Goodbye, Straw Poll—How the GOP Is Punishing Its Long-Shot Candidates

Party elites saw a contest that strengthened their weaker candidates and weakened their stronger ones, and now it's gone.

The GOP's 2016 long-shot candidates saw their chances grow even slimmer this week, thanks to a pair of decisions that further locked them out of the party spotlight.

Between the death of the Iowa Straw Poll and a new, two-tiered debate system, Republican candidates who are struggling to break into the top tier of presidential hopefuls (such as Carly Fiorina or Rick Santorum) lost two key opportunities to build early momentum—and take aim at the contest's front-runners—before voters started to cast primary ballots.

On Friday morning, the Iowa Republican Party's state central committee voted unanimously to cancel this year's straw poll after the party struggled to secure commitments from candidates to attend. Iowa's GOP enjoyed the attention and fundraising opportunities it provided, but national party elites saw a contest that strengthened their weaker candidates and weakened their stronger ones—and now it's gone.

That means the long shots have lost a launching pad to the front of the pack. Strong finishes at the straw poll, an event that has become a staple on the presidential campaign trail and is well-attended by the state's most dedicated activists, have helped nonestablishment candidates make a splash in past primary races. Michele Bachmann's first-place finish in the 2011 straw poll boosted her exposure, however briefly, in the first-in-the-nation caucus state. Conversely, a disappointing third-place finish contributed to Tim Pawlenty's decision to drop out of the race.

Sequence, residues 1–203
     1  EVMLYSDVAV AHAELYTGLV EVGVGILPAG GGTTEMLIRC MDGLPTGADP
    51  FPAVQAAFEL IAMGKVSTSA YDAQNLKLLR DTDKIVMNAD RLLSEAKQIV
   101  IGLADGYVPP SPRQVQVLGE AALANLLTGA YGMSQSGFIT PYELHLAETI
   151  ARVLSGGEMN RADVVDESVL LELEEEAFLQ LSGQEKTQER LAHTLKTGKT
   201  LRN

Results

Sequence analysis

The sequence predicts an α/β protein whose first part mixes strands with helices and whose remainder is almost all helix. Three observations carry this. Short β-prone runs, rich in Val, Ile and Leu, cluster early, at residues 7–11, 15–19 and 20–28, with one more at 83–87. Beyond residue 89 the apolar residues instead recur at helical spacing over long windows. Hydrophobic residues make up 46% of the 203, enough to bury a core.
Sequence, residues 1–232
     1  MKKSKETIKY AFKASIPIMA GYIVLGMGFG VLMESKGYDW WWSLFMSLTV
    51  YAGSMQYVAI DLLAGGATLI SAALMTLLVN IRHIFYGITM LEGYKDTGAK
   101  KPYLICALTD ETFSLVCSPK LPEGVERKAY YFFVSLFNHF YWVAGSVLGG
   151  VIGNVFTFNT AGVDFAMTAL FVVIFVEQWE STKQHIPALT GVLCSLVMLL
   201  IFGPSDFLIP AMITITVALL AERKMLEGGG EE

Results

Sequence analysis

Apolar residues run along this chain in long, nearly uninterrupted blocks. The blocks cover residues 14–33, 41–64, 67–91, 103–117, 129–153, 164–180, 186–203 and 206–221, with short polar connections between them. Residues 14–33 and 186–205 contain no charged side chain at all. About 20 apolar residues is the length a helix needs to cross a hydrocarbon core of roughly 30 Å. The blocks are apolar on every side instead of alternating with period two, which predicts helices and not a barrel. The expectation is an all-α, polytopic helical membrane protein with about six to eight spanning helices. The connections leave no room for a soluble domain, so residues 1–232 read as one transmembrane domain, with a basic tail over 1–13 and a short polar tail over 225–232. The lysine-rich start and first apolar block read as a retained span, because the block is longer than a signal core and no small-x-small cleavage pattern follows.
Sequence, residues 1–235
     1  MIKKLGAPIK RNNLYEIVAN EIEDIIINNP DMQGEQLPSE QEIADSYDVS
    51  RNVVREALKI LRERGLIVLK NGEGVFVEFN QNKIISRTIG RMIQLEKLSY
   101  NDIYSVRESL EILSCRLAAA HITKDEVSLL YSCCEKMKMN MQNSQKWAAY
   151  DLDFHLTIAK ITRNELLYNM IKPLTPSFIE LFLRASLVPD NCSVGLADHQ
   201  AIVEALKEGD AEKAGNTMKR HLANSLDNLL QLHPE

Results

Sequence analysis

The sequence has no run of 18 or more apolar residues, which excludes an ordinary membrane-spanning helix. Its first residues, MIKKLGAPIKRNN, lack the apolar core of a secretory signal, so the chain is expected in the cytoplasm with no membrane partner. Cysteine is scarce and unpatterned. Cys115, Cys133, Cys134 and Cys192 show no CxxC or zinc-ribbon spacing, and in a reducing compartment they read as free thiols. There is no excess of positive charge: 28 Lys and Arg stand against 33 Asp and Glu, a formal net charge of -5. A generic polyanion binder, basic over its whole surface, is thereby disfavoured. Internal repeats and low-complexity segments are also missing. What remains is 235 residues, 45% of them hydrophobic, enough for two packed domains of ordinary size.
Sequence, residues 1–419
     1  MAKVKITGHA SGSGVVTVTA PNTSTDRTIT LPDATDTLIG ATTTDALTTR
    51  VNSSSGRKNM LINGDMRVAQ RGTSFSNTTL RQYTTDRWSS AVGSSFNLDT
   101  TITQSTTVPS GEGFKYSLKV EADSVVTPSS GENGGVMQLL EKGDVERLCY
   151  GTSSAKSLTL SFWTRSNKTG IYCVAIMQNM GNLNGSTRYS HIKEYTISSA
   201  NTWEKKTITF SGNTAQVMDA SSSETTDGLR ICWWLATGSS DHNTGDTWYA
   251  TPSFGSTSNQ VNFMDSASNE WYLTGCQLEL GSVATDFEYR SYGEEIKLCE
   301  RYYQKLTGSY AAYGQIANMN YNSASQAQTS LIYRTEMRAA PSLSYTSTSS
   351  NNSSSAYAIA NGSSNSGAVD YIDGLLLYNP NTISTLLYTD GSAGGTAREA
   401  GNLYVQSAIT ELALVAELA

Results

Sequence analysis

And in the 2008 presidential election, Mike Huckabee's improbable run to the front of the field was kick-started after posting a surprising second-place finish behind Mitt Romney in the 2007 straw poll. He went on to win the 2008 Iowa caucuses and finish second in the Republican nominating contest to John McCain. Without the straw poll, long-shot candidates in 2016 won't have the same chance to make early inroads with the state's caucus-goers and get their campaigns off the ground

Long-shot candidates also have used the primary debates as a way to distinguish themselves from the rest of the field as voters are beginning to form their opinions. After a tumultuous summer in 2011, Newt Gingrich's presidential campaign was revitalized after a number of strong performances in the fall debates—complete with attacks on the media that played well with the party's conservative base.

But Gingrich was able to make his case to voters while standing on the same stage as the GOP front-runner, Mitt Romney. The Gingriches of 2016 may not have such luck. With a Republican presidential race that could see upward of 16 candidates, Fox and CNN—the networks hosting the first two presidential debates—have decided to split the field in two. In both cases, the candidates who place in the top 10 in the national polling averages will participate in one debate, while the candidates who don't make the cut will have their own separate debate. That event will not only get much less attention from the media, party leaders, and voters, but it deprives the long shots of a chance to lob face-to-face criticism at favorites for the nomination, such as Jeb Bush, Marco Rubio, and Scott Walker.

Certainly, strong performances at the straw poll and on the debate stage aren't all it takes for a long-shot candidate to turn into a legitimate contender. But in a race as crowded as the one for the 2016 Republican nomination, they needed those opportunities more than ever.